The Meuse and Sambre river cross the province, where they meet in the Provincial capital. Here they form the borders between two regions:
Hesbaye The Hesbaye - which lies to the north of the Meuse - is a region of empty hills that stretches across four Belgian provinces, to Liège in the east and to Leuven in the north.
Condroz And the Condroz - a region of rocky hills and deep valleys that forms the transition between the Ardennes and the lower lying regions -to the south of the Meuse, roughly between Liège and Namur.
Ardennes The Ardennes - which stretch over 3 Walloon provinces and a part of France - occupy the southern portion of the province, and are one of this part of Europe's wildest regions, and an excelent destination for outdoor activities.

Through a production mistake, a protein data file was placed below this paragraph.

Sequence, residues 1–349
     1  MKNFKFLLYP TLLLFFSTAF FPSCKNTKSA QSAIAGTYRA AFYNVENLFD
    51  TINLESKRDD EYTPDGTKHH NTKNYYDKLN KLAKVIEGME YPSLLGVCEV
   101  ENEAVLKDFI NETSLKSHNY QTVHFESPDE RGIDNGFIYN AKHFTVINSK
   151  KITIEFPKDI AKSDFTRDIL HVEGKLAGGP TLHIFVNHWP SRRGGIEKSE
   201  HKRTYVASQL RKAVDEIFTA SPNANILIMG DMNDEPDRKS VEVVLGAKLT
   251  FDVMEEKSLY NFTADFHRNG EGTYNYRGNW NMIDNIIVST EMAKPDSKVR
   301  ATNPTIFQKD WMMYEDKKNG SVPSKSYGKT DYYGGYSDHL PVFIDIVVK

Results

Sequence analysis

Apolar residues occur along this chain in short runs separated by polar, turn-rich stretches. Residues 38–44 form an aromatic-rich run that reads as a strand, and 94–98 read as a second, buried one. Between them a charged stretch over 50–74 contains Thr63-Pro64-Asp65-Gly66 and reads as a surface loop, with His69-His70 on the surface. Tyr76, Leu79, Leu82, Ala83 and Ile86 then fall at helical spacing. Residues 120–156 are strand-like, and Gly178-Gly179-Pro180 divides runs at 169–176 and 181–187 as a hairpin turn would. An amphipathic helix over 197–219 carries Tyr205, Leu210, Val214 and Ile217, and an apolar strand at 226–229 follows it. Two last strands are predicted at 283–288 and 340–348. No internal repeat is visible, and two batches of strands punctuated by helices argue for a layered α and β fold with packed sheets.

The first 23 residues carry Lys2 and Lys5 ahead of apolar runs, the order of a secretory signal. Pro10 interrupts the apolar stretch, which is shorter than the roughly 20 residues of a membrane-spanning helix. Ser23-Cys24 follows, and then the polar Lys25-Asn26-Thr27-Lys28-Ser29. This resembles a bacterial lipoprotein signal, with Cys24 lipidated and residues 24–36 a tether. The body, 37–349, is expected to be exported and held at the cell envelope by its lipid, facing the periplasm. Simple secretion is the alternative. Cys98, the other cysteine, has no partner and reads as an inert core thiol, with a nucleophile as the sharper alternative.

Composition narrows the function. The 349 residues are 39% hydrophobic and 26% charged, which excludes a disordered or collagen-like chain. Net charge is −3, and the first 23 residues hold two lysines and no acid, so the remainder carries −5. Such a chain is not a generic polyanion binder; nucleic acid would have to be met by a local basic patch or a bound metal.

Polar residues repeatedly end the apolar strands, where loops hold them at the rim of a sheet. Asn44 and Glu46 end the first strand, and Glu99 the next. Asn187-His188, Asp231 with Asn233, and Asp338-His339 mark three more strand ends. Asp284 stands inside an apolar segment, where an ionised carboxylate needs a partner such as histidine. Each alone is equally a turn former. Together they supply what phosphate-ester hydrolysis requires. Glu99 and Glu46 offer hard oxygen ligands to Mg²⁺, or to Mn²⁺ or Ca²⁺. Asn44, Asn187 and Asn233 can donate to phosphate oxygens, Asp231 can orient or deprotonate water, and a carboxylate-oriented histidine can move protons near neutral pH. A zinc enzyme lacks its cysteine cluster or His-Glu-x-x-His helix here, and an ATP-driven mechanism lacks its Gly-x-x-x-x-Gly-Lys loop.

Namur (Dutch: Namen) — The provincial capital and capital of Wallonia, Namur is a classy town of around a 100,000 inhabitants, that boasts a tidy, well preserved old centre and an impressive citadel at the confluence of the Sambre and Meuse rivers.
Dinant — An old town in a stunning natural setting on the Meuse river, Dinant is a popular spot for adventure sports such as canoeing and rock-climbing. Dinant is best visited in winter, and is best known for being the place where Adolphe Sax invented the saxophone.